OGB // what I've learned in my first year of business



Blimey. I'm very surprised (and elated) to be writing this post. On 15th May 2014, I opened up an Etsy shop with two prints (a very bad draft of 'If I know what love is' and 'It has always been you') and one Father's Day card. I was still at my graphic design job, and was actually told I was being made redundant the following day (I'm still pretty convinced that was a sign). Now, I've moved on from Etsy, and have my own site, stockists, regular customers, branding clients and the post office people know me by name. I love that.


I'm in no way an expert. As I've mentioned before, I've had no business training. For my GCSE's, I skipped business studies for textiles, thinking I'd much rather make a dress than learn about overheads and marketing algorithms. I do sort of regret that, but everything I have learned, I've learned from the past year, as well as previously working with independent companies, namely my mother's and aunt's homeware shop. Everything I could have learned in those classes on a Wednesday afternoon, I experienced first-hand in that little shop. Books, blogs and articles were an education in themselves too, and I learned a great deal from the creative consultants that allow us a glimpse into their minds. 

Here are a few truths I've discovered about owning a small business, both the welcomed and the slaps in the face. 

You don't need a great deal of money to start
I started designing and selling my prints with £50. I bought high-quality 300gsm card, a brush pen, ink, postal envelopes and business cards for that, as well as paying any Etsy fees, and that was the beginning of it all. I printed from my surprisingly good HP inkjet printer which massively kept the costs down, and if I did need to get something I didn't have the funds for, I put it on my credit card (but never allowing more than £30 on there and paying it off with any sales income straight away, I'm not suggesting this method!). I also relied on social media to get my brand out there. The greatest marketing tool, plus it's free! Having no money was a huge motivator for me to get selling and to sell consistently, so I had the money to create and sell again. Of course, this can vary from different types of business and on your situation. If you are a shop owner stocking others, you'll need some start-up funds.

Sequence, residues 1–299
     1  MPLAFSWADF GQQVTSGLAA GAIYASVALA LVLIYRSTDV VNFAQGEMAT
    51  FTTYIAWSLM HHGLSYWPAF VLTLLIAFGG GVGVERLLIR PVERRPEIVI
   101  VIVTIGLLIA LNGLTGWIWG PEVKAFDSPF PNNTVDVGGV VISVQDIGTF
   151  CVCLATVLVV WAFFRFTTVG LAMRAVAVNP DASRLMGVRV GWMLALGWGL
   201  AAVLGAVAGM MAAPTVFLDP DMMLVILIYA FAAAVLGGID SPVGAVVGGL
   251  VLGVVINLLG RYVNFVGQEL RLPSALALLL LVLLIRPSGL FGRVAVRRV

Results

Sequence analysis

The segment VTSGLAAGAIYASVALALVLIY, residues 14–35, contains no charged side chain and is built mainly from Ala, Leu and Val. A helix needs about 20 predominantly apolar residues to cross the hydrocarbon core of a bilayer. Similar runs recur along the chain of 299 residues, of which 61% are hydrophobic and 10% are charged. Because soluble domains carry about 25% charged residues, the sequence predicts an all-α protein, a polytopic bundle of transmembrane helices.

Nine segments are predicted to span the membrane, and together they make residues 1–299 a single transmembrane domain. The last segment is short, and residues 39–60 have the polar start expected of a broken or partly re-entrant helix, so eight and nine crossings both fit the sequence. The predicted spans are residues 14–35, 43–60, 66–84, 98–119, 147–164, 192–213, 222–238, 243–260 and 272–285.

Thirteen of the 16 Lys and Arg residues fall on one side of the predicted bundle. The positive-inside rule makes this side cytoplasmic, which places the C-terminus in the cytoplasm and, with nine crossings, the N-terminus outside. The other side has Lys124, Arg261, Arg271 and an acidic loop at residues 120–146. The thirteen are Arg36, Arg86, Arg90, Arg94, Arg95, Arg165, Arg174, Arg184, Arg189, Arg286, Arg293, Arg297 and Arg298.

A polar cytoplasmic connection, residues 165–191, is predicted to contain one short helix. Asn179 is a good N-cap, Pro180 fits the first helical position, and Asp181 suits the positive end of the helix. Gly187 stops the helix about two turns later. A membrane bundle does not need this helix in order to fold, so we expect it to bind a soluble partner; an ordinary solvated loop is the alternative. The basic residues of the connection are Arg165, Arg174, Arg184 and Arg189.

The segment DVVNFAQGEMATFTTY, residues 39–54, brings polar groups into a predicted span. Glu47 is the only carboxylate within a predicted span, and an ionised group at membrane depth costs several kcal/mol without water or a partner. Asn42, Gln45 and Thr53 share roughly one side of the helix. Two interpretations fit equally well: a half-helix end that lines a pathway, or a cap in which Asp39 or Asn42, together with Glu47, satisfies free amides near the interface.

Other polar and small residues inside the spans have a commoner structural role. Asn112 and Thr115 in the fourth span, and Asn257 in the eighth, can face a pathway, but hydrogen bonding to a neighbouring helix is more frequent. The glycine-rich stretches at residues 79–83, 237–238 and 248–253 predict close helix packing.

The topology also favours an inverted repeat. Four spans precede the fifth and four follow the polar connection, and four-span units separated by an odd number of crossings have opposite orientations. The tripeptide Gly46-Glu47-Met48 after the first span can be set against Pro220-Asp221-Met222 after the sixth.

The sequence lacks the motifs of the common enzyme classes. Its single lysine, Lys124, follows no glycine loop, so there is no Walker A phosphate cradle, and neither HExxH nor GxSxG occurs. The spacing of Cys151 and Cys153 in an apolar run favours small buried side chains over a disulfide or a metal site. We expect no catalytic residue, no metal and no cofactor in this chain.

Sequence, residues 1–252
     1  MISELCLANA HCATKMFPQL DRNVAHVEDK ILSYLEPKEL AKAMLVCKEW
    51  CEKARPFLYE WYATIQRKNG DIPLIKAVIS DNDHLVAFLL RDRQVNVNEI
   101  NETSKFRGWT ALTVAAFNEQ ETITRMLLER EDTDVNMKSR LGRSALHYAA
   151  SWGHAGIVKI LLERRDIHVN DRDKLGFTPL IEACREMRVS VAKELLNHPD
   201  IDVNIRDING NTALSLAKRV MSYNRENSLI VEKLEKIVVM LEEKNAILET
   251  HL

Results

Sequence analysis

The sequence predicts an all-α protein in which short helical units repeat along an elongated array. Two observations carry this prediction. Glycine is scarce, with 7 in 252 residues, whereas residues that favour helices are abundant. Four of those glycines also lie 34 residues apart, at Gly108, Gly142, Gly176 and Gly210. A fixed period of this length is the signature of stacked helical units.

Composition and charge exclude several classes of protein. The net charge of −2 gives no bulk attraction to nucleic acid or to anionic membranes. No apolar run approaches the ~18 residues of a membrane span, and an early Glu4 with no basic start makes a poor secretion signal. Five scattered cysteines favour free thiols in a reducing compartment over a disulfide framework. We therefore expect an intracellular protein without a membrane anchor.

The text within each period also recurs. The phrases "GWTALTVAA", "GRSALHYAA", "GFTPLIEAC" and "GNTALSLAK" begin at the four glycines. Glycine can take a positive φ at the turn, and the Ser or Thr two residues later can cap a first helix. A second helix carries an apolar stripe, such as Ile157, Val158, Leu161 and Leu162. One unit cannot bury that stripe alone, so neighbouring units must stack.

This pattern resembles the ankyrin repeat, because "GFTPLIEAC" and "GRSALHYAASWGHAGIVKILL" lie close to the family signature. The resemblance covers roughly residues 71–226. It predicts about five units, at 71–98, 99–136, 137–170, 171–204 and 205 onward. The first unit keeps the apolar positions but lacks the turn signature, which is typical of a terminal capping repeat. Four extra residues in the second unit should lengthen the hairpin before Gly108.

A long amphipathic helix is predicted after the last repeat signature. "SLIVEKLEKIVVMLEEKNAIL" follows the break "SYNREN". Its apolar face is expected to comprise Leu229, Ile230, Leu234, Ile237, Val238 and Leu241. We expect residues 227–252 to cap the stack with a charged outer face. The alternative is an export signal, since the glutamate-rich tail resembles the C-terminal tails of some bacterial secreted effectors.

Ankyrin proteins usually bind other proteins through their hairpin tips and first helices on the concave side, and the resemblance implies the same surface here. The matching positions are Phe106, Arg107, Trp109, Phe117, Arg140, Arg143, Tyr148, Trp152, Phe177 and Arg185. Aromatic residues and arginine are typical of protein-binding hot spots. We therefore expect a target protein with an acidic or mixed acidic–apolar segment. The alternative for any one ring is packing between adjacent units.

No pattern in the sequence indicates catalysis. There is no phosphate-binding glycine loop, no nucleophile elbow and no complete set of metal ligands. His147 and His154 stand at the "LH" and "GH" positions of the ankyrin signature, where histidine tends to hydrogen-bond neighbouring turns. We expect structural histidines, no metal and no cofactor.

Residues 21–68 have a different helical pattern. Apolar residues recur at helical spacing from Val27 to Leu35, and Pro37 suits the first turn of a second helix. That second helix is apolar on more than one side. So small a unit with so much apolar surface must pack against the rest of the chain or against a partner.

Be prepared for sacrifices 
As explained here, we moved in with my parents this year when they relocated to Brighton. This was mostly so we could get our finances in order, and so I could continue with the business without having sleepless nights over paying the rent. It's probably the most generous thing a human being has done for me, and I'm eternally grateful to have parents who can offer back their home to their children (especially in a basement flat that was meant for two people, not four!). A lot of sacrifices are made when running a small business. This was my largest, most life-altering one, but when I sit down and realise it's helped me grow and expand my company, I know it's been worth it. You'll also sacrifice any sort of social life, but you won't really realise it from all the fun you're having.

Authenticity is everything 
As creative business owners, we've read plenty of blog posts and articles on the 'comparison is the thief of joy' subject. I've had a few moments in the last year where I've doubted my abilities and nearly thrown in the towel because I've looked at another typographer, and I've compared their success to mine. It's not healthy, and I hope I've grown out of that now, but I see those moments as learning curves. There is A LOT of competition out there, where it seems everyone is now lettering quotes to pop up on Pinterest and get their shares/likes. But there is no such thing of competition if you are original. Being authentic to yourself, with your brand aesthetic, client interaction, turnaround times and practises in general, you'll be a head above the rest and will soon see the benefits.

Wish less, do more
Passion goes a long way, but actually doing the things that you're passionate for to get anywhere goes a whole lot further. You can wish for more sales and success all day long, but if you don't put the work in, you won't get the rewards.

Weekends are for family
This took me a while to understand, but I now realise I won't be my best working self if I don't have a break from emails and orders at the end of the week. Before the crazy puppy entered our lives, I used to work 16 hours a day, plus weekends. It didn't feel like work and I hardly felt stressed, but soon after we got Barney I realised I couldn't keep up those working hours. I felt like a failure, all these other creatives were working around the clock to help their business, so should I. But then I read Amy Poehler's Yes Please, and the quote 'Good for her, not for me' rang true. Just because other creatives are working a certain way, doesn't mean you have to! Work in a way that is good for you.  

A thousand thank yous for your readership, support and gentle nudges over the past year. I really am having the time of my life, and it's all down to you. 

Part of the one-girl band series- a series looking at being the one-girl-band behind your small business, plus the trails and tribulations that come with being self-employed.